Steve's blog

A blog about what's going on in Analysis UK...

Why you should do other stuff...

As a software developer it's all too easy to turn up to work, do what's required, go home in evening and once a month pick up your pay. Just where does that get you?

Well maybe your happy doing that, then 5-10 years down the line you find you've been doing the same thing, the same way, never really pushing the boundaries or questioning if what you are doing is the best way to do it. Net result - you've failed your self and your employer, and if you end up needing a new job, well we all know how picky the tech industry is about having a perfect match of acronyms on your CV.



Ever since I had my first computer I've always had a personal project, be it software or hardware. These projects are for me to solve problems I have, every now and then one of them makes it out the door and I share it with the rest of the internet.

Ten years ago I was a Lab Rat, working as a scientist testing blood gas analyzers and pH meters. In my spair time I had I started buying bits from the US (I'm in the UK) and trying to figure out the cost in pounds wasn't that easy (open calculator, figure out if it's divide or multiply, press buttons, hit equals). So I started, mainly for myself, and the 10 other people who initially visited the site every month. That's now grown a lot, but is still true to it's roots, an easy way to calculate the cost of something in your local currency.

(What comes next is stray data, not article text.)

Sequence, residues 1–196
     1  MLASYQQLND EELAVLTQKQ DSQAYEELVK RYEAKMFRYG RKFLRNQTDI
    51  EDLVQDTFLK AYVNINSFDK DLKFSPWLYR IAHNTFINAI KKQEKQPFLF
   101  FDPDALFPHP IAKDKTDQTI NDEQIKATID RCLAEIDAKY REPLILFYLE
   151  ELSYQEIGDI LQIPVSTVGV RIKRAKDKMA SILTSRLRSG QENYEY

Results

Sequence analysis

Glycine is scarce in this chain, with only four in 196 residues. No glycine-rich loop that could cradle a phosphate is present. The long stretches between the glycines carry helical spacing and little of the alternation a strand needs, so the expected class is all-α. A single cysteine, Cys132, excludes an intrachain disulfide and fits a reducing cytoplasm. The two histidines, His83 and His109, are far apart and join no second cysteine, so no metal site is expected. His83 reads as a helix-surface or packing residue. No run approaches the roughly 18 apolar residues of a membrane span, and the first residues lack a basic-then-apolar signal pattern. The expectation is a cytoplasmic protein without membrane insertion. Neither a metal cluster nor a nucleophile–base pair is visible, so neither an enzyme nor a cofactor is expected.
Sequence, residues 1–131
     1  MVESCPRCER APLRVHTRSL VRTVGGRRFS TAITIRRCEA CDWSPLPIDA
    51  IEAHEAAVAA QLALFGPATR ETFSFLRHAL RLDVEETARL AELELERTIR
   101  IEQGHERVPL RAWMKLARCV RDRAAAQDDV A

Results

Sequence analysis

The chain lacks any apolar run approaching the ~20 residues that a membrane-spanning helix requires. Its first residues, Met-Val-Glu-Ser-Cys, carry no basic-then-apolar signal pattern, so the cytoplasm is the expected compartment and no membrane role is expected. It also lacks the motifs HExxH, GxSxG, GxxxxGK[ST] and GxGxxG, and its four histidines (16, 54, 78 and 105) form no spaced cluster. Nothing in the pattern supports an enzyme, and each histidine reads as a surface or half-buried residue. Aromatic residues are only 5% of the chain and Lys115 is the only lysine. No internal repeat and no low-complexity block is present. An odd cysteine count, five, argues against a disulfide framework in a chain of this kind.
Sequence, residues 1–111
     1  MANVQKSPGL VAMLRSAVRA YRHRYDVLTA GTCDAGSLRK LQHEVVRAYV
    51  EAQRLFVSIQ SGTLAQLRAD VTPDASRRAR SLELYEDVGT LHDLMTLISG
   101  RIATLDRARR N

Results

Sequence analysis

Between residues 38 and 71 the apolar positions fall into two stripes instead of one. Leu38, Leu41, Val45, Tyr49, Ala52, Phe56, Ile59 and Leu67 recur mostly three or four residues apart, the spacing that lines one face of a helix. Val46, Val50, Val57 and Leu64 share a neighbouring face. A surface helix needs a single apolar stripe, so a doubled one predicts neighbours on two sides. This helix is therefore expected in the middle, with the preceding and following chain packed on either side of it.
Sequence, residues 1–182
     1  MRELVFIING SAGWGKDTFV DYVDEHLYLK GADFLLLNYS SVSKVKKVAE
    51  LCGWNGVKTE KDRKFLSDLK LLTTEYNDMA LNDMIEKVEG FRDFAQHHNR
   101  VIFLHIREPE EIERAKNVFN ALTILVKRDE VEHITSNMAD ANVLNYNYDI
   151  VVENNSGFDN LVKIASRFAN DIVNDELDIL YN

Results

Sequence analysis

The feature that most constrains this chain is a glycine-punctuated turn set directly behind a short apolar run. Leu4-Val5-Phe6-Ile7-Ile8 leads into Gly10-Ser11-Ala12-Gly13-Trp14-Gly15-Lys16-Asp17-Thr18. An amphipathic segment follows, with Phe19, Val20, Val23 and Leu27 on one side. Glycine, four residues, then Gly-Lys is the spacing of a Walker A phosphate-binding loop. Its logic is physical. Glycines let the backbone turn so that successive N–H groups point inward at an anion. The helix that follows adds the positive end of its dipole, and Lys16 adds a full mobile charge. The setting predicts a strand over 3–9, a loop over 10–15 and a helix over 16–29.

If I hadn't started I wouldn't have touched any web programming. In 2002 I went a step further and built a beast of a site in php, now that's taught me one thing, I'm not a fan of lots of php, it's great to get started with but once things get busy, ohh boy it's not so great.

The thing is, during the time I was building those sites my day job involved connecting up scientific instruments to computers, one way or another. I'd never have touched web based programming if I only did my day job. And you know what, that would have been a huge mistake. I've learnt so much from escaping the binds of the day to day work and trying new things.

I can't emphasise enough as a developer how eye opening it is to release a product or service your self. It's all to easy to sit in our cubical wearing our Dilbert curled up ties and laugh about marketing and sales, but until you've actually tried it and seen the results you will never understand how frustrating it can be, or how amazing the feeling is to see people using YOUR product and how strange the things that your users do truly are, and the actual challenges your product faces on the internet, not just the perceived problems where you think you need to shave a microsecond off of some routine that it turns out people don't use anyway.

Fast forward 8 years, I've recently transitioned and the network of other exchange rate sites from a dedicated server host onto Amazon's AWS/EC2(1).

Over the years my websites have grown, from the original, shortly after followed,,, as well as Yuan, Won and Rupees, these combined result in a network of around 23 websites.

When these sites were in php I was maintaining a core set of functionality and then some individual domain specific pages, over the years I've put a bit of work in here and there (for the most the sites just run themselves), and moved over to ASP.NET (thanks to listening to DotNetRocks), I've consolidated the code base into one single codebase with just a seperate configuration file, database and installer for each site.